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Tritium age dating

During the past 50 years, human activities have released an array of chemical and isotopic substances to the atmosphere.

As with any environmental tracer, age applies to the date of introduction of the chemical substance into the water, and not to the water itself.

The accuracy of the determined age depends in part on how perfectly the CFCs are transported with the water.

If the tritium delivery as a function of time can be reconstructed, this penetration process can be used for quantitative studies of water movement through identification of the bomb peak in certain ground water bodies.

However, there are natural limits to this method because tritium decay and dispersion make it increasingly difficult to identify the bomb peak in groundwater.

Information about the age of ground water can be used to define recharge rates, refine hydrologic models of ground-water systems, predict contamination potential, and estimate the time needed to flush contaminants from ground-water systems.

CFCs also can be used to trace seepage from rivers into ground-water systems, provide diagnostic tools for detection and early warning of leakage from landfills and septic tanks, and to assess susceptibility of water-supply wells to contamination from near-surface sources.

Significant differences between the apparent tritium/ is mainly determined by the ratio of advection to dispersion in water parcels moving away from the water table.

H), and other chemical and isotopic substances in ground water, can be used to trace the flow of young water (water recharged within the past 50 years) and to determine the time elapsed since recharge.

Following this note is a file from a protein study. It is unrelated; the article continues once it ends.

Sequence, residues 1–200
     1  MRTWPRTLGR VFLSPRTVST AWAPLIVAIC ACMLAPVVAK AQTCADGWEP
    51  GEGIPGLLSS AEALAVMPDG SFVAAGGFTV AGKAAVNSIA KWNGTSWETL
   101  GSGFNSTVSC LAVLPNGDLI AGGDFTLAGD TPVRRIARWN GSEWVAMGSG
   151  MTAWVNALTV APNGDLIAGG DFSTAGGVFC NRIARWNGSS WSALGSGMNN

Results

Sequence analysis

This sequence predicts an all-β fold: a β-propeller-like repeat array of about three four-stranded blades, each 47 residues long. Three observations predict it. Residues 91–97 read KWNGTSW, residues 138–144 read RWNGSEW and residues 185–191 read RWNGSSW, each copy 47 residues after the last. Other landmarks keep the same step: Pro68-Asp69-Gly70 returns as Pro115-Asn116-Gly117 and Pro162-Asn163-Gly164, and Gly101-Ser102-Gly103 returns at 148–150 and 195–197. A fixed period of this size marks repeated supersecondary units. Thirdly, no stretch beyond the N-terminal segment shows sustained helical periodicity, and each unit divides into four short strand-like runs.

Whereas the addition of bomb tritium to the environment practically eliminated the use of natural tritium as a tracer, it offered a new tool, i.e., the use of the bomb tritium peak (Fig.

1) as a ‘dye’ that is delivered to natural water systems from the atmosphere on local to global scales.

Water samples for CFC analysis are now routinely collected from domestic, irrigation, monitoring, and municipal wells, and from springs. Nuclear Regulatory Commission-licensed USGS laboratory for analysis of CFC content by gas chromatography to a detection limit of about 0.3 picograms per kilogram (0.3 pg/kg) of water, which is equivalent to 0.3x10 Ground-water dating with CFC-11, CFC-12 and CFC-113 is possible because (1) their amounts in the atmosphere over the past 50 years have been reconstructed, (2) their solubilities in water are known, and (3) concentrations in air and young water are high enough that they can be measured.